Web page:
While a union vote is now scheduled, LLUHEC can still ask for a review of the NLRB regional director’s decision, and a federal lawsuit is still pending. In April, LLUHEC’s request for an injunction before the US District Court for the District of Columbia was denied, but an appeal to the Court of Appeals for the DC Circuit is still ongoing. The only court above the Court of Appeals is the Supreme Court of the United States.
During the NLRB hearing in March and April, lawyers for LLUHEC called witnesses from the General Conference of Seventh-day Adventists to testify about the Adventist Church’s historical stance against labor unions. Representatives from different residency specialties also testified about the educational aspects of their programs, and LLUHEC asked the NLRB to apply precedent from cases involving educational institutions. The 1979 Supreme Court case NLRB v. Catholic Bishop of Chicago held that teachers at religious schools are outside the NLRB’s jurisdiction, and Bethany College, a 2020 NLRB case, adopted a broad standard for deciding what schools should count as religiously affiliated.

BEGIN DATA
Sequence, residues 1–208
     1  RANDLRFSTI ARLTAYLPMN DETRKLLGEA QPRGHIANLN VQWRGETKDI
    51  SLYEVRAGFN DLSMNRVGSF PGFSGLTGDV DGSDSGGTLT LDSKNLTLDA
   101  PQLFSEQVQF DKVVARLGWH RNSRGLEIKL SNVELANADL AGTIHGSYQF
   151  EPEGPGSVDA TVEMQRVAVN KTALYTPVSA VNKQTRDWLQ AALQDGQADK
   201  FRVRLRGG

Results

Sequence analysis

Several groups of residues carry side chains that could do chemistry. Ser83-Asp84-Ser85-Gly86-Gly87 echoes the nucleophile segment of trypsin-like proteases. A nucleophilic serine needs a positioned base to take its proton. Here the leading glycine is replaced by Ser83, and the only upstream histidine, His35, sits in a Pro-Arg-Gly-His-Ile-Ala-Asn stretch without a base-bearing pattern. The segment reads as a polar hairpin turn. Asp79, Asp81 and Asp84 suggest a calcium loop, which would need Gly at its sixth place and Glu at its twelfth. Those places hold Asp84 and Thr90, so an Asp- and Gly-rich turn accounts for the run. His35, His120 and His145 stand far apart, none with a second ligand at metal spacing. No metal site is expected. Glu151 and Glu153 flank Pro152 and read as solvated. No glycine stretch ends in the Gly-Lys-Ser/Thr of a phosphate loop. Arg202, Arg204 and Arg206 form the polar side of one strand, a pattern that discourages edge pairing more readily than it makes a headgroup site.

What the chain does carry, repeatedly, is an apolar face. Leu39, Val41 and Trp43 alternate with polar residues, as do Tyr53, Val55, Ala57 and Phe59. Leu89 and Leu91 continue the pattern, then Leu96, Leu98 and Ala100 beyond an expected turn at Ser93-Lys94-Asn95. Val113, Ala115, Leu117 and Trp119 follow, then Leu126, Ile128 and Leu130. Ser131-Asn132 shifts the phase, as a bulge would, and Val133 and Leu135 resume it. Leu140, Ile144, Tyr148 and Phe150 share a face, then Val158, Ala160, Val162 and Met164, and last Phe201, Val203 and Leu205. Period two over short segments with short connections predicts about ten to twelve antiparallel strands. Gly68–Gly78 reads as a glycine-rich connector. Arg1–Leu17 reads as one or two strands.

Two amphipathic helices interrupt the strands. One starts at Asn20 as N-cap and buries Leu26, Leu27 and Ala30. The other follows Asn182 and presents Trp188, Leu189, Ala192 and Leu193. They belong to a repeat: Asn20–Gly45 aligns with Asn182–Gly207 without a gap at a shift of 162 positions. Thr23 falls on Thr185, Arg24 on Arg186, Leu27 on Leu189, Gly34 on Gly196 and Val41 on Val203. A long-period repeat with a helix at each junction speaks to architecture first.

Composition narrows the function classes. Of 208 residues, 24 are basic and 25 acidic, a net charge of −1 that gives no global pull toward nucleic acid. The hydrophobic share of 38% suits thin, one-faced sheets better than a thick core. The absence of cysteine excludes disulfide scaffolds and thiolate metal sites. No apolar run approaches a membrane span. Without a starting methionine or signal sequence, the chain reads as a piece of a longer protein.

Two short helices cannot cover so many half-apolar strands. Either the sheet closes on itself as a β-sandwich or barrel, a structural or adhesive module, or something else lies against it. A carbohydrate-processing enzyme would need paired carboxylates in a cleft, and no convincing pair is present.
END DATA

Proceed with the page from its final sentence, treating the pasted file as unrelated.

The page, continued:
However, in her decision on Tuesday, Rubin found that “there are no Board cases in which residents or fellows . . . are characterized as faculty,” and testimony at the hearing showed that “LLUHEC’s residents and fellows spend most of their time at work performing direct patient care or otherwise engaging in clinical work.”
In the United States, medical residents have received an undergraduate college degree and completed four years of medical school before entering a residency that lasts for a minimum of three years. Residents and fellows practice under the supervision of board-certified physicians but have increasing autonomy as they gain experience. While LLUHEC argued that a substantial part of the resident experience involves teaching other residents and medical students, Rubin’s decision compared residencies to traditional work apprenticeships. The 1999 NLRB case Boston Medical Center Corp. found that “members of all professions continue learning throughout their careers, and many professions, including those in the healthcare industry, require individuals to be trained further after graduation in order to be licensed or received in the field.”